For the average person, housing is the biggest single expense in the budget. This is true whether you’re paying for rent or a mortgage. Most Americans allocate over a third of their income to pay for the place where they live each month.
When you think about it, though, we only need homes to satisfy the basic human requirement for shelter. Of course, nobody should go back to living in a cave, but you can get by with essentially four walls and a roof.
And yet we always look for ways to elevate our homes. You’re hardly alone in spending hours creating Pinterest boards for all your envisioned home improvements or DIY project guides. At the end of the day, you want to come home to a place where you enjoy living. Here’s how you can approach home improvements from the perspective of better well-being.
The elements of well-being
Around the world, people from different cultures might have varying preferences and priorities when it comes to leading a good life. In order to account for those differences, Gallup conducted a global study of over 150 countries, asking questions to assess which common factors we all hold in esteem.
The results reflect a distinct preference for five universal categories. We can associate these factors with better living regardless of culture or background. Those elements of well-being are career, social, financial, physical, and community.
What’s even more surprising in this study was that the researchers found only 7% of people surveyed were actually doing well in all five elements. This means that over 9 in 10 people around the world are truly making the most out of life.
Evidently, there are many ways in which you can address deficiencies across these aspects of well-being. But we all spend a large chunk of each day at home. At a minimum, you get six to eight hours of sleep each day; even if you do nothing else at home, that will span one-fourth to one-third of your entire life. If your home can be used to bring about improvements in well-being, small changes can have a big impact over time.
Making direct improvements
Physical well-being is perhaps the most obvious way in which a better home helps to improve your life. In fact, if you do nothing else, you could just focus on this area and thrive to the same extent as 66% of the population.
Our home environment is a place of refuge. It has to bring us comfort and a sense of safety. Upgrading your amenities in these areas will make it more conducive to rest and relaxation. You don’t even have to splash the cash just yet; you can get started by clearing out the clutter or taking care of regular maintenance activities.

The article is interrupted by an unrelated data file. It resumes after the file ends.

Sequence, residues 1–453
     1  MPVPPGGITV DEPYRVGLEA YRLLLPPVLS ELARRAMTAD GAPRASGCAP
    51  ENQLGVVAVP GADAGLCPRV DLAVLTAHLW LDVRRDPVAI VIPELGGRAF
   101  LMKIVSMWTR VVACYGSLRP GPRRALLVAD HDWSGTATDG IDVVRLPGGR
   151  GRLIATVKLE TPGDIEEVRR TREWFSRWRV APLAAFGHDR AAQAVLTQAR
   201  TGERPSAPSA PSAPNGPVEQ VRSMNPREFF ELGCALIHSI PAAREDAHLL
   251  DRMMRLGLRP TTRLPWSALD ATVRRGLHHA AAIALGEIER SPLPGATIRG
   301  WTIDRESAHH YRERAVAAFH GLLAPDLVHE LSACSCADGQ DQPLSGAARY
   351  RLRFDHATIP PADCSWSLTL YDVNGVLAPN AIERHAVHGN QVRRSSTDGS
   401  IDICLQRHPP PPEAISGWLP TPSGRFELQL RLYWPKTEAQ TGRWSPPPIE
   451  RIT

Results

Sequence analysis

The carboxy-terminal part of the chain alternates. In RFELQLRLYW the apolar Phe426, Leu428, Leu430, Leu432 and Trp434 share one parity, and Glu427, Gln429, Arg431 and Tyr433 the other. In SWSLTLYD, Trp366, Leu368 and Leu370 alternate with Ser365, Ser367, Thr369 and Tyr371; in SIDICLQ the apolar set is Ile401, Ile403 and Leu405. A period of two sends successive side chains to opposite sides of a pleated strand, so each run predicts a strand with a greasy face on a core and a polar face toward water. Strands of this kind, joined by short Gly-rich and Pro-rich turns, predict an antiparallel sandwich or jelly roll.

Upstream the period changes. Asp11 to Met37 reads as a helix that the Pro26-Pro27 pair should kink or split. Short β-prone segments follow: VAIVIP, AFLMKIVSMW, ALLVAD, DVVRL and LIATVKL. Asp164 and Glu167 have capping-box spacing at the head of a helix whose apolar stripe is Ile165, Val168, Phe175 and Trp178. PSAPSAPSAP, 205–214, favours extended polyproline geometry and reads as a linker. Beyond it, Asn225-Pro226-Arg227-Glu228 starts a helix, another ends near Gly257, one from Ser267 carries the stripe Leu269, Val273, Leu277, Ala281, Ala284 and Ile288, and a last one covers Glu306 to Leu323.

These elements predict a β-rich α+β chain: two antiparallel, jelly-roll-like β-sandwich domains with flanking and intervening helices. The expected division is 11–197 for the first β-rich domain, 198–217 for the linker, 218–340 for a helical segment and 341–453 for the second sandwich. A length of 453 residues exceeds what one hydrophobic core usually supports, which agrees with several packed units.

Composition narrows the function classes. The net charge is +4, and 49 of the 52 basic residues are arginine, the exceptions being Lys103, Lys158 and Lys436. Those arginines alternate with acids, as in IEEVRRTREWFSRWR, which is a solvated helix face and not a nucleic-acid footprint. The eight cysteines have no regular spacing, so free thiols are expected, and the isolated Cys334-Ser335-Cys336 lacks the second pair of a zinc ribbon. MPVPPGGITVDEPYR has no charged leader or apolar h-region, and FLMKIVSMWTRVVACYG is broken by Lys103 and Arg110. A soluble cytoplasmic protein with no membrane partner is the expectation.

Speaking of amenities, you can undertake more extensive renovations or additions to greatly expand your home’s capabilities. Adding a sports court in your backyard will take care of your need for physical activity as well as leisure. But it also serves as a venue for spending time with your friends and family. Not everyone feels comfortable socializing these days, but put a ball in their hands and start playing, and you can all have fun times.
Encouraging habits and routines
As a place of comfort and gathering, the home is naturally suited towards improving your well-being in those areas. You can accomplish a lot along those lines without even setting it as your main goal.
But how can our homes play a part in bolstering the other elements of well-being? Can you really meet career or financial goals, or gain a better sense of community, through home upgrades?
The increasing trend of remote work has effectively blended the home and office spaces together. If you work from home, it’s easy to see how a few choice upgrades will help you in your career. A dedicated office space with ergonomic furniture and task lighting can boost concentration and productivity.
But you don’t always have to take a direct approach. Spending more money on home improvements is hardly a recipe for better finances. And you might not enjoy going so far as to invite the neighborhood into your yard for a party every other weekend.
Instead, take your habits and routines for improvement in those areas, and weave them into the home environment. Habit formation starts with cues; place those triggers strategically around the house.
It could be a simple reminder to set aside a certain amount of money or spare some time to help others each day. But it’s more effective than putting it on your phone where you can snooze it. At home, you see those cues for hours. It’s a really easy way to leverage the power of your home towards an even better quality of living.